# Ricci-flat vs Riemann-flat

Why for the n-dimensional Riemannian manifold (with $$n=2$$ or $$3$$) the Ricci curvature tensor and the Riemann tensor are the same, while for $$n>3$$ not?

For example if I have 2-manifold (or 3-manifold) $$M$$ that is Ricci-flat, then it is also Riemann-flat, but if I have 4-manifold $$M$$ that is Ricci-flat, may be not Riemann-flat.

• @DietrichBurde Stronger condition? If the curvature tensor is $0$, then then in all dimensions the Ricci tensor vanishes; but the converse fails in dimensions $\ge 4$. To the OP, I wouldn't say the Ricci tensor is the same as the Riemann curvature tensor in dimension $3$, but it does completely determine it. Commented Jan 3, 2020 at 22:12
• It is unclear what you mean by "why": Are you asking for specific examples? Then it would be a duplicate of math.stackexchange.com/questions/953328/… Commented Jan 4, 2020 at 14:07

Here are the precise claims.

• When $$n=2$$, one has $$\operatorname{Ric}=\frac{1}{2}Rg$$ and $$R_{ijkl}=\frac{1}{2}R(g_{il}g_{jk}-g_{ik}g_{jl})$$
• When $$n=3$$, one has $$R_{ijkl}=g_{il}R_{jk}-g_{ik}R_{jl}-g_{jl}R_{ik}+g_{jk}R_{il}-\frac{1}{2}R(g_{il}g_{jk}-g_{ik}g_{jl})$$

So you can directly see that when $$n=2$$, zero scalar curvature implies zero Ricci curvature and zero Riemann curvature, and that zero Ricci curvature implies zero scalar curvature and hence zero Riemann curvature.

And when $$n=3$$, zero Ricci curvature implies zero Riemann curvature but zero scalar curvature does not necessarily imply zero Riemann curvature or zero Ricci curvature. A standard counterexample, written in a single coordinate chart, is the "Riemannian Schwarzschild manifold" $$\frac{dr^2}{1-\frac{2M}{r}}+r^2\,d\theta^2+r^2\sin^2\theta\,d\phi^2$$ where $$M$$ is any real number; it has zero scalar curvature but nonzero Ricci curvature and Riemann curvature.

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To prove the above formulas:

• when $$n=2$$, let $$e_1,e_2$$ be a $$g$$-orthonormal basis of $$T_pM$$. Then the definition of $$R$$ and then of $$\operatorname{Ric}$$ says $$R=\operatorname{Ric}(e_1,e_1)+\operatorname{Ric}(e_2,e_2)=\operatorname{Rm}(e_2,e_1,e_1,e_2)+\operatorname{Rm}(e_1,e_2,e_2,e_1)$$ so that $$R=2\operatorname{Rm}(e_1,e_2,e_2,e_1).$$ This directly shows that $$R_{ijkl}=\frac{1}{2}R(g_{il}g_{jk}-g_{ik}g_{jl})$$ holds when evaluated on $$(e_1,e_2,e_2,e_1)$$. By the simple symmetries of the Riemann tensor, it also holds when evaluated on $$(e_1,e_2,e_1,e_2)$$, on $$(e_2,e_1,e_1,e_2)$$, and on $$(e_2,e_1,e_2,e_1).$$ And both sides are trivially zero when evaluated on $$(e_i,e_j,e_k,e_k)$$ when $$i=j$$ or $$k=l$$. This covers all possibilities, so the given formula holds for any input. One trace of it gives $$\operatorname{Ric}=\frac{1}{2}Rg.$$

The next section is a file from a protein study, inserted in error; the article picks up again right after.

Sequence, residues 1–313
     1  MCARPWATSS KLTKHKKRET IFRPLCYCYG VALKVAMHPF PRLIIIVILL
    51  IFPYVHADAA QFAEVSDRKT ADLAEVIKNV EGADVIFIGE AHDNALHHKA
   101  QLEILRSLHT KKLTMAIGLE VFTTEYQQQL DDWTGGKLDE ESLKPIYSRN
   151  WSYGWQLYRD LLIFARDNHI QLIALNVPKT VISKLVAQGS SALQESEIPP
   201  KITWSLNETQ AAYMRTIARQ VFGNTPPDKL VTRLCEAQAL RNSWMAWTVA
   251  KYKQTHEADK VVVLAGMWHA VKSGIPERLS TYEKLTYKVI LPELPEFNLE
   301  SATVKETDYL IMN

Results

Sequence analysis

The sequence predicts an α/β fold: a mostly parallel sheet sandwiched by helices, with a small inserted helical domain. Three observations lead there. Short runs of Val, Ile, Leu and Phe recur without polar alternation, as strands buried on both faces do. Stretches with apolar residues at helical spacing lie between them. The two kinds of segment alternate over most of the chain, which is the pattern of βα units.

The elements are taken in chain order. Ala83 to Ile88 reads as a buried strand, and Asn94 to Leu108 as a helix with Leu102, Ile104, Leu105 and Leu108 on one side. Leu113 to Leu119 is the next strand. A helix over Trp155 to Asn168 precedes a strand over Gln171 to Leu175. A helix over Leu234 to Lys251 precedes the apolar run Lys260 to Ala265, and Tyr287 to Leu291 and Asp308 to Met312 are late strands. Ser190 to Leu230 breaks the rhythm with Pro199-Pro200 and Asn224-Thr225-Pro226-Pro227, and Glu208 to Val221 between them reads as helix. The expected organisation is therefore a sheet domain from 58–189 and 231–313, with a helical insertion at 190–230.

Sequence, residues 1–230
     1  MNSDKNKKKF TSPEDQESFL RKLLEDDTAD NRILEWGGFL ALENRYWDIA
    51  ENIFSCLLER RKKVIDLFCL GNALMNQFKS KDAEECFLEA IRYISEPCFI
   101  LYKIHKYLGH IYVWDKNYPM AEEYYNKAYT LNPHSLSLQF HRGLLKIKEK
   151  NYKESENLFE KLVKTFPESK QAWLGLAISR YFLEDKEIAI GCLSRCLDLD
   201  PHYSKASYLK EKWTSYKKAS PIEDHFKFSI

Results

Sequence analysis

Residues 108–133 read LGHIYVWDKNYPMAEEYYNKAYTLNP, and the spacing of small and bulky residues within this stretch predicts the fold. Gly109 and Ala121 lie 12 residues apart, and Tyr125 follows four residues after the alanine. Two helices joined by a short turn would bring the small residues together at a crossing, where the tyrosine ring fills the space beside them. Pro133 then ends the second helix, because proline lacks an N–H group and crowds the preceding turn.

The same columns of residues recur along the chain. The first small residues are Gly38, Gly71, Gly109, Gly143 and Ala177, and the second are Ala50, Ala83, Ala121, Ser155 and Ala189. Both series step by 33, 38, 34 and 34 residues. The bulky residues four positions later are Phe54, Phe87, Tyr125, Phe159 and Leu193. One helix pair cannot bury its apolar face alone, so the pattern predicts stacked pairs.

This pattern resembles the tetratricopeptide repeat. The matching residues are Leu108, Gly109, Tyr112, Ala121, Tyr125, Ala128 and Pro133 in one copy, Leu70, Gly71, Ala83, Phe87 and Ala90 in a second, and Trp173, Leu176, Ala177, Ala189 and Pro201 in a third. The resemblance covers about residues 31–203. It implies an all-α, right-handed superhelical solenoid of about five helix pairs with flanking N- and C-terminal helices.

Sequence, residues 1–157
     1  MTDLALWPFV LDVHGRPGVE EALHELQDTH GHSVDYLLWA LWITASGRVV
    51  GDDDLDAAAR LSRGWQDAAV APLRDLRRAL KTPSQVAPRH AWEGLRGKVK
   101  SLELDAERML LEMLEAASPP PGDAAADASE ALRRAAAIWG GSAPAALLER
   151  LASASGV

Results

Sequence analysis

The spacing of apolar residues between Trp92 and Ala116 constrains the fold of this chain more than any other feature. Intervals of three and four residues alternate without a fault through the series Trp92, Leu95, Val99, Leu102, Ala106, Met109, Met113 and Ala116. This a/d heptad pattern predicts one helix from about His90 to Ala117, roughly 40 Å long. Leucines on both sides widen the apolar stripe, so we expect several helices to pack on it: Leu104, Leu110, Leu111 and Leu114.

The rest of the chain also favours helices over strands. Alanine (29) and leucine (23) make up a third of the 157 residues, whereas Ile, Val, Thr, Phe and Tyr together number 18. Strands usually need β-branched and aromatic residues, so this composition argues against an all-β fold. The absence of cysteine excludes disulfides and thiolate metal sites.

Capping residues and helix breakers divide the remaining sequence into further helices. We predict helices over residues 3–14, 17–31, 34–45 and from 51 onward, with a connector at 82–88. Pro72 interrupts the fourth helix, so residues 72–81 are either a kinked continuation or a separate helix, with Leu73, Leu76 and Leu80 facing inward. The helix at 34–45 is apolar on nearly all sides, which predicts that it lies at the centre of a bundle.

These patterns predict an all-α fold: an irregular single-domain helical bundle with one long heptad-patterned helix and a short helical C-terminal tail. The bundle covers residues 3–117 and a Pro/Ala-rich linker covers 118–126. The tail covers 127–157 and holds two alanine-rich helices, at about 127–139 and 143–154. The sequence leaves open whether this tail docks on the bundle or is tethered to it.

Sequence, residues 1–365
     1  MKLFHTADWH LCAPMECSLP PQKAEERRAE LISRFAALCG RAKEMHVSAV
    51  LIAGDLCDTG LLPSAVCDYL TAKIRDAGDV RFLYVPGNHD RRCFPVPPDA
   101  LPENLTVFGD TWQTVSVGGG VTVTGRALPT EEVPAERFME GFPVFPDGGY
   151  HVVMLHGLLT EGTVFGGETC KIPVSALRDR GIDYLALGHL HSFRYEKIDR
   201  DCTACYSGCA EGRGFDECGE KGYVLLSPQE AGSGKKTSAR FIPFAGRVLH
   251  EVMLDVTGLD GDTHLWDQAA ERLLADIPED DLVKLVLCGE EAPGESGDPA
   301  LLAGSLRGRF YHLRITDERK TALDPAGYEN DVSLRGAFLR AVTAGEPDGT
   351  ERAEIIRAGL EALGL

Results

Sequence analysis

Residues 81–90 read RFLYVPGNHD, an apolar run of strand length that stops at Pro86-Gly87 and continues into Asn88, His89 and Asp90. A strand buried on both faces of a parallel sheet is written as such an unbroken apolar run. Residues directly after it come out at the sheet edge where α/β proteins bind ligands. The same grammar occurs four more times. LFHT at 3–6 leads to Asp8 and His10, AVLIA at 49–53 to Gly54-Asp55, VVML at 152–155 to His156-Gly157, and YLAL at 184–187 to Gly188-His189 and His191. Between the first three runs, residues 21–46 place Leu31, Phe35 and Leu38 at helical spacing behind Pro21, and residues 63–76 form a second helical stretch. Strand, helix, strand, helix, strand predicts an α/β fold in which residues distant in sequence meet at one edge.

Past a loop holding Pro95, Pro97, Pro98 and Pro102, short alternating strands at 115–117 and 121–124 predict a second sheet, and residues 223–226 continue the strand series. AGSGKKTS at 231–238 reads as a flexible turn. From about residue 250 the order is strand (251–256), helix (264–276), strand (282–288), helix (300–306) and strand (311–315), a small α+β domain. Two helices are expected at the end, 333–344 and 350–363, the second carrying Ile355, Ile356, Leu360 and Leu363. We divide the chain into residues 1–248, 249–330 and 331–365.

• The same sort of proof works when $$n=3$$ but is a bit more complicated. Let $$W_{ijkl}$$ denote the difference of the LHS and the proposed RHS; it is easy to check $$g^{il}W_{ijkl}=0.$$ Let $$e_1,e_2,e_3$$ be a $$g$$-orthonormal basis of $$T_pM$$ and evaluate $$g^{il}W_{ijkl}=0$$ on $$(e_1,e_1)$$; it says that $$W(e_1,e_1,e_1,e_1)+W(e_2,e_1,e_1,e_2)+W(e_3,e_1,e_1,e_3)=0.$$ The first term vanishes since the original LHS and RHS both vanish when evaluated on $$(e_1,e_1,e_1,e_1).$$ So $$W(e_2,e_1,e_1,e_2)=-W(e_3,e_1,e_1,e_3).$$ Repeating the same proof but starting from $$(e_2,e_2)$$ and $$(e_3,e_3)$$, we have $$W(e_1,e_2,e_2,e_1)=-W(e_3,e_2,e_2,e_3)$$ and $$W(e_1,e_3,e_3,e_1)=-W(e_2,e_3,e_3,e_2).$$ And the definition of $$W$$ shows easily that $$W(e_a,e_b,e_b,e_a)=W(e_b,e_a,e_a,e_b).$$ So (writing $$W_{abcd}$$ to abbreviate $$W(e_a,e_b,e_c,e_d)$$) there is $$W_{2112}=-W_{3113}=-W_{1331}=W_{2332}=W_{3223}=-W_{1221}=-W_{2112}.$$ So $$W_{2112}=0$$, and likewise $$W_{abba}=0$$ for any $$a$$ and $$b$$. It is easy to see from the definition of $$W$$ that $$W_{aabc}=0$$ and $$W_{bcaa}=0$$ for any $$a,b,c.$$ With a little thinking, since $$a,b,c$$ are only between $$1$$ and 3, the only possibly nonzero components are $$W_{abca}$$ where $$a,b,c$$ are all distinct. To see that these vanish, evaluate $$g^{il}W_{ijkl}=0$$ on $$(e_b,e_c)$$ to get $$W_{1bc1}+W_{2bc2}+W_{3bc3}=0.$$ Supposing, for instance, that $$(b,c)=(2,3)$$, this shows that $$W_{1231}=0.$$ If $$(b,c)=(1,3)$$, it shows that $$W_{2132}=0$$. And so on.

I learned the argument from page 276-277 of Hamilton's paper "Three-manifolds with positive Ricci curvature" but the proof probably goes back to the early 1900s.

• thank you very much for yours fantastic answer! While for $n>3$ what happens?
– user333046
Commented Jan 13, 2020 at 15:28

@youler's answer addresses the OP's question for $$n < 4$$, but I felt that something was missing that is crucial for understanding the answer to this question:

For example if I have 2-manifold (or 3-manifold) $$M$$ that is Ricci-flat, then it is also Riemann-flat, but if I have 4-manifold $$M$$ that is Ricci-flat, may be not Riemann-flat.

The answer is that the Riemann tensor can be decomposed, where the traceless component is the Weyl tensor. Generally, the Weyl curvature is the only component of curvature for Ricci-flat manifolds. The Ricci tensor measures how much an object's volume changes as it moves along a geodesic, and the Weyl tensor measures how much an object's shape changes as it moves along a geodesic. This is why (essentially) a necessary condition for a Riemannian manifold to be conformally flat is that the Weyl tensor vanishes.

When you have a Ricci-flat manifold that is also not Riemann-flat, it is because the Weyl tensor is nonzero. A classic example is the Schwarszchild metric in vacuum, which is Ricci-flat but is not Riemann-flat because the Weyl tensor is non-vanishing.